Many of the mechanical breakdowns have been peculiar to drones.
On May 7, 2011, an armed Predator suffered an electrical malfunction that sent it into a death spiral about a mile offshore from Djibouti City, the capital, which has about 600,000 residents. “I’m just glad we landed it in the ocean and not someplace else,” a crew member told investigators.
Ten days later, another Predator missed the runway by nearly three miles and crashed near a residential area. The aircraft was carrying a live Hellfire missile, but it did not detonate and no one was injured.
Another close call came March 15, 2011. An armed Predator came in too steep and fast for landing, overshot the runway and slammed into a fence.
Investigators attributed that accident to a melted throttle part, but they also blamed pilot error. They said the remote-
control pilot was “inattentive” and “confused” during the landing. Because he was isolated inside a ground-control station, the report added, he did not notice the wind rush or high engine pitch that might have warned a pilot in a manned aircraft to slow down.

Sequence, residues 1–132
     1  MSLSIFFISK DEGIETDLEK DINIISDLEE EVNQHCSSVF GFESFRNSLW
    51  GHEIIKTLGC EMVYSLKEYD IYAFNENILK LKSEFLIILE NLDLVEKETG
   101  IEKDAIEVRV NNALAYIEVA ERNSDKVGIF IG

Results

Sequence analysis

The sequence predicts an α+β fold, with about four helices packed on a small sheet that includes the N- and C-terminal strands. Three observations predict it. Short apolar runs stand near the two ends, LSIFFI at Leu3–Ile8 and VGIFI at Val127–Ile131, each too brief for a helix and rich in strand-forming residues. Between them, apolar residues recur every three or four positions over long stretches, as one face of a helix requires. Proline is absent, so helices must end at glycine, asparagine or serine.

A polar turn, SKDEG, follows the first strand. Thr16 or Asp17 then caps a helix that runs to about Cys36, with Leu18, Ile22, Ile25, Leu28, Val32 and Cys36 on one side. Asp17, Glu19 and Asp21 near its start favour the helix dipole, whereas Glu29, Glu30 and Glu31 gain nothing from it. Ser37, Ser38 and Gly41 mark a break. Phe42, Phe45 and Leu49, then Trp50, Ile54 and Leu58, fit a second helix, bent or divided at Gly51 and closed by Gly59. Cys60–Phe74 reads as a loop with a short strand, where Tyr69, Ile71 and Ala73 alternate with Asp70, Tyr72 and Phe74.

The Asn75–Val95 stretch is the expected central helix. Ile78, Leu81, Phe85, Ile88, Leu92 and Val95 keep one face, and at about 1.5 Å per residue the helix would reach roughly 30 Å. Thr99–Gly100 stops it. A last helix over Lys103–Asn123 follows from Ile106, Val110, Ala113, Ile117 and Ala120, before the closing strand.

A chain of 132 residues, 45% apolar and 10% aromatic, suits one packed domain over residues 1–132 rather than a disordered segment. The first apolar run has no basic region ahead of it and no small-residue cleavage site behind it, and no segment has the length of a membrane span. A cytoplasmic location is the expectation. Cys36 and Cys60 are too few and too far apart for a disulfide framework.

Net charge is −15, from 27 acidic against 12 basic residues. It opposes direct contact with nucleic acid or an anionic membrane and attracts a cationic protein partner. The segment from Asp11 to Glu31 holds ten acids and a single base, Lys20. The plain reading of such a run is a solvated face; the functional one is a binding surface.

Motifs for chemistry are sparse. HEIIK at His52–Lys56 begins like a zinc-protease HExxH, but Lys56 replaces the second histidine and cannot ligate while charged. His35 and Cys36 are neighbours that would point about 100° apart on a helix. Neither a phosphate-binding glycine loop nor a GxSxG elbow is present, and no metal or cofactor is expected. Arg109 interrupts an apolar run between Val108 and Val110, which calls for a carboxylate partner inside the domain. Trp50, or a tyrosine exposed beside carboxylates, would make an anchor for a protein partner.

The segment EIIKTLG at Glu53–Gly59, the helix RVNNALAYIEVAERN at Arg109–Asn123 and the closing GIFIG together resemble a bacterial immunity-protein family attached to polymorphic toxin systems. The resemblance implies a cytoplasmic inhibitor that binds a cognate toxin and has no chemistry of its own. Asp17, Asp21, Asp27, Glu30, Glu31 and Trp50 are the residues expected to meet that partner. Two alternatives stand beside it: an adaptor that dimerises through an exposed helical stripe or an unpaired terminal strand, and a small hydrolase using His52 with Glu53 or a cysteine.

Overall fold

In Djibouti, the Air Force drones operate from Camp Lemonnier, a fast-growing U.S. military base devoted to counterterrorism. The base is adjacent to Djibouti’s international airport and shares a single runway with passenger aircraft.
That has led to miscommunications and tensions with Djiboutian civil aviation officials. One unidentified U.S. officer told investigators last year that he often had to sternly remind his fellow troops that civilians were in charge of the site.
“There is a need to understand the urgency that this airport doesn’t belong to us,” he said. “Every time that we cause a delay or they miss flight times and connecting flights, there’s a big backlash and repercussion.”
In addition to the five Predator wrecks in Djibouti, the officer said he had witnessed three emergency landings that narrowly avoided catastrophe. “I have no illusions that this won’t happen again, whether it’s an MQ-1 or otherwise,” he said, referring to the military code name for a Predator.
Meanwhile, U.S. drone crews complained to investigators about the Djiboutian air-traffic controllers, saying they speak poor English, are “short-tempered” and are uncomfortable with Predators in their airspace.